“I hate to say it, but I think we must now accept that the Leonardo is a wreck. Severe flaking was recorded as early as 1517 and according to Vasari it was ‘ruined’ by 1556. Vigorous overcleaning and retouching has only made things worse. It’s time for a proper debate on how much ‘original’ Leonardo is actually visible. Persuading people to queue around the block to see such a damaged painting is simply a triumph of marketing over connoisseurship. But that’s enough about The Last Supper.”
“To a startling degree, and despite being a state-sponsored institution, [it] refuses to sugarcoat history.” Holland Cotter visits the new Mississippi Civil Rights Museum in Jackson.
He started out as “a self-described ‘tone deaf’ concert promoter who turned Washington’s tiny Cellar Door music club into a venue that hosted the likes of Neil Young and Miles Davis” and went on to create Cellar Door Productions, “[which] produced more than 500 events each year and reportedly grossed up to $100 million annually, booking acts such as the Rolling Stones, Madonna, Pink Floyd, the Dave Matthews Band, U2 and the Who.”
What have you LEARNED from 2017?
No doubt you have worked hard. You have challenged your creativity, stretched every penny, and exhausted every option. Good job! So, in these last two weeks of this year, how about taking a moment to … read more
AJBlog: Audience Wanted Published 2017-12-18
Who’s Afraid of Virginia Boeuf
We have so many ways nowadays to discover how boeuf en daube is pronounced without having to tap a French shoulder, human or beef. Raise your hands, readers, if you know what novel lists this dish as an ingredient. … read more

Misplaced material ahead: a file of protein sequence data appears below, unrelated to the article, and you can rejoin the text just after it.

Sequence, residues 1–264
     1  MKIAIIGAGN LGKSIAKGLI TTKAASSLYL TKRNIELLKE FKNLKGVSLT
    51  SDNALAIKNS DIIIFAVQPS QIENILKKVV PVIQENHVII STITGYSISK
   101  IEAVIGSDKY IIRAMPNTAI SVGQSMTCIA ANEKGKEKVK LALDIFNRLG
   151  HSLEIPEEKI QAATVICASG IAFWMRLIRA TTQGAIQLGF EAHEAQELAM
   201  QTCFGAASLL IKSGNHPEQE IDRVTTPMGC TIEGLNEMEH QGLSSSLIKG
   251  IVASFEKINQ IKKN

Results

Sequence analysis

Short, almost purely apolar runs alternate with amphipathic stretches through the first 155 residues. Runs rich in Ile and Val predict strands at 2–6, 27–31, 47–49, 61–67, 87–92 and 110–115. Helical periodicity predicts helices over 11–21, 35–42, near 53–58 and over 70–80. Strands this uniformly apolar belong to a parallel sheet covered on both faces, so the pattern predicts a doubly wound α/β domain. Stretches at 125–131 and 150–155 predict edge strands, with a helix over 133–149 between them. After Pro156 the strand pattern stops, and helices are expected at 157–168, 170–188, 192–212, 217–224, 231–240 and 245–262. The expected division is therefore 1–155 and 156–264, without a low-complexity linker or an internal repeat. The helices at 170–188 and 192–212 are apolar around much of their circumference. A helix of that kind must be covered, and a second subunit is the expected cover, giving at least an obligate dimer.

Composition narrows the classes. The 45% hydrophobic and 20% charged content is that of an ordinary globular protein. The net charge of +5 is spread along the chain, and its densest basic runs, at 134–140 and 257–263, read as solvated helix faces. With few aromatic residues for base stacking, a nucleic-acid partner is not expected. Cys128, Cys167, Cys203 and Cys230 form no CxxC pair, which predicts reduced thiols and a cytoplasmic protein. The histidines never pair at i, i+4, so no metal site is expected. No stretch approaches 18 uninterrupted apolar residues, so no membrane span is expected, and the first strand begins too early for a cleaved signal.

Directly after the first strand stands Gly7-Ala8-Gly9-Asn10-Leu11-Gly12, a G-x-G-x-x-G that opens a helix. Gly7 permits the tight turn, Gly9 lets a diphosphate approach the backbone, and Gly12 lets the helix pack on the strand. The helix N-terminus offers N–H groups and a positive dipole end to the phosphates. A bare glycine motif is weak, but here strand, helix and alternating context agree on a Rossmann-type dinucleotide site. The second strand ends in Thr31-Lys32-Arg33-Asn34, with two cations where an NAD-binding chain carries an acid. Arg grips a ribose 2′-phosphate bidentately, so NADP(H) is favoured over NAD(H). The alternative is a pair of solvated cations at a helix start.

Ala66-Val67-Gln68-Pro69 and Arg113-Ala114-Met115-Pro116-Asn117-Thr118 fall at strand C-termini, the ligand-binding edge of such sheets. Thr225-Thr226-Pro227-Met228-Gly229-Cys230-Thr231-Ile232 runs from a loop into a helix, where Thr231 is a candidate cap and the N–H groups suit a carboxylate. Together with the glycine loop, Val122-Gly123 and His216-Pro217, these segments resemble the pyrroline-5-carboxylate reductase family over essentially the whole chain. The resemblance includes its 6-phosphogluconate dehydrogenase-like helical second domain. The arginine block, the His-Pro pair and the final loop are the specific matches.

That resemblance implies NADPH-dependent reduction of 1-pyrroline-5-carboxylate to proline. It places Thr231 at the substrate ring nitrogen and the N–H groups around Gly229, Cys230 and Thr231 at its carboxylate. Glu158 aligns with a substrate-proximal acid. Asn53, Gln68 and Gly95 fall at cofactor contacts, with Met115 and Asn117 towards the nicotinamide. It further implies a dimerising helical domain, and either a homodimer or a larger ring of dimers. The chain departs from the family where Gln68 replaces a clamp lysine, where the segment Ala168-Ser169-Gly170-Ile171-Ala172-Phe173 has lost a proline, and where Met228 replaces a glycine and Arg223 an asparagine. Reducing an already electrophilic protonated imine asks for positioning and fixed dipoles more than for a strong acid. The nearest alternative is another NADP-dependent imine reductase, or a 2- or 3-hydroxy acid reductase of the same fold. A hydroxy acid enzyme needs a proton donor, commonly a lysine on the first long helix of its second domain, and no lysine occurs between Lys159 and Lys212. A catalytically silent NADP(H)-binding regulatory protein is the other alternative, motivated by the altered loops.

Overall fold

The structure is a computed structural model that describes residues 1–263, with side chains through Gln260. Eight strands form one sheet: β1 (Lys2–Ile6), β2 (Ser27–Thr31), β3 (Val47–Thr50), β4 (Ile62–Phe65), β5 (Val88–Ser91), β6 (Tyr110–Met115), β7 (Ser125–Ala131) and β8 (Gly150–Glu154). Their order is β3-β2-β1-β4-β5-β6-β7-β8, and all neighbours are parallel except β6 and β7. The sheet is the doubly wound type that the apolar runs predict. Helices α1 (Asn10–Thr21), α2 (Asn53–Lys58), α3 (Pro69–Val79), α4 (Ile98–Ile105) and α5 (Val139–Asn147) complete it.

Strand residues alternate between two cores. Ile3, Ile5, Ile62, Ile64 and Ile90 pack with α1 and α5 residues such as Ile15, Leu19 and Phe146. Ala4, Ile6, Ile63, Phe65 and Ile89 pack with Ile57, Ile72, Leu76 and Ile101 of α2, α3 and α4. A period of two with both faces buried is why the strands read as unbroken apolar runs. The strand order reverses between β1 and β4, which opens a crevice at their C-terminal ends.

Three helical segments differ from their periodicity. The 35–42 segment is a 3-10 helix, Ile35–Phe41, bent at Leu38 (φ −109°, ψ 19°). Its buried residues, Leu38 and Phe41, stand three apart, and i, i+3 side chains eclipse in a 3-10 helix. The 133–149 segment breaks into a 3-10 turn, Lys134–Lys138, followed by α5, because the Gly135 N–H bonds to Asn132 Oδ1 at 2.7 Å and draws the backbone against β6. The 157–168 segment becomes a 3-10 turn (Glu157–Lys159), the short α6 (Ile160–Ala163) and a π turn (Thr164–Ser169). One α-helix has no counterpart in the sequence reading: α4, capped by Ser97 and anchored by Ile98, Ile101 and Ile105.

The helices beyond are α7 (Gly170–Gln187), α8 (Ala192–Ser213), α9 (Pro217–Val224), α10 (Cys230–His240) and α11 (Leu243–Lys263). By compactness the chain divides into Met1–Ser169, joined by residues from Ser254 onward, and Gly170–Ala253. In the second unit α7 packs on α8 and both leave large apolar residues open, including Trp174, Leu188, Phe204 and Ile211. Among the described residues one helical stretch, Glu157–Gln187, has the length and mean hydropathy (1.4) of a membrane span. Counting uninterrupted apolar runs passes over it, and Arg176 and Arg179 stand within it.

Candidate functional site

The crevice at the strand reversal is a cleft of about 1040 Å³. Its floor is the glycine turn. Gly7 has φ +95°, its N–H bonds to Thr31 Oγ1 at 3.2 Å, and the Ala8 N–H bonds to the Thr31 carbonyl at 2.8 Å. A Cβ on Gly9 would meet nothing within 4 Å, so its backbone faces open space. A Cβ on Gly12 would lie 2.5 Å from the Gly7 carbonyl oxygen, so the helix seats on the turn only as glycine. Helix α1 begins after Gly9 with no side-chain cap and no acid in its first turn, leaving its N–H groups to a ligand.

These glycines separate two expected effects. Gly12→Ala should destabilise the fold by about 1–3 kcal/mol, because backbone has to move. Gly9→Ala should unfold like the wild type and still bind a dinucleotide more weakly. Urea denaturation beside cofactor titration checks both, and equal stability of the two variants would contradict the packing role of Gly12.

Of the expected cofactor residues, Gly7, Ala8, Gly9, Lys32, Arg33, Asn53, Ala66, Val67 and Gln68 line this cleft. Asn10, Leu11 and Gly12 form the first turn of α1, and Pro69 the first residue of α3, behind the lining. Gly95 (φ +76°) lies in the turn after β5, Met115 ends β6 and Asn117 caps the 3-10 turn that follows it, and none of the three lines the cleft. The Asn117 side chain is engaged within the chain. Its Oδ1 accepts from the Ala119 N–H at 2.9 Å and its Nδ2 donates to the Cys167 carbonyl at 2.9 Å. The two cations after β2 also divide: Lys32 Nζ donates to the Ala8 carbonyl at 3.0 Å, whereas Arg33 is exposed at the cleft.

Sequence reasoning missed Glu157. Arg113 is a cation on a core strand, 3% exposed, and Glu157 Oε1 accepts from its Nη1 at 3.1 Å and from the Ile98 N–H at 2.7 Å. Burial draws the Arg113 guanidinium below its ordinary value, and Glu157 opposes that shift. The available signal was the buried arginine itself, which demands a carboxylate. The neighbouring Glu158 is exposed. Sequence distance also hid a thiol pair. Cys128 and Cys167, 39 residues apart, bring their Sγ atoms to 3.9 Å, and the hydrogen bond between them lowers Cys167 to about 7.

AJBlog: Out There Published 2017-12-18
Touched by a Virtual Hand
Charles Atlas, Rashaun Mitchell, and Silas Riener collaborate on a video/live performance. … read more
AJBlog: Dancebeat Published 2017-12-18
Kevin Mahagony RIP
The singer Kevin Mahagony has died at the age of 59. As The Kansas City Star’s Timothy Finn reported today, Mahagony had only recently returned to his hometown. … read more
AJBlog: RiffTides Published 2017-12-18
“The destination has become iconic thanks to the man whose initials, D.S., appear on the tail of the helicopter—Dmytro Szylak, a retired Ukrainian-American auto-plant worker. To keep busy after leaving the working life, Szylak built this curious installation over the roofs of two adjacent houses he owned. Along the way, he became a beloved artist who captured the hope and heartbreak of one small city’s melting-pot culture. Locals named his creation Hamtramck Disneyland, a title he came to embrace.”
White and retired audiences in rural areas will happily go and see diverse work – and wish there was more of it – but more support is needed to create and tour it, new research has concluded. Academics at the University of Lincoln found performances in non-traditional spaces that dramatise narratives from diverse communities, rather than presenting “culturally foreign” performances, attract larger rural audiences.
“How many pieces of furniture do you think you could rearrange in your mind? Is there a limit to how much we can imagine at once, or is our imagination truly unlimited?”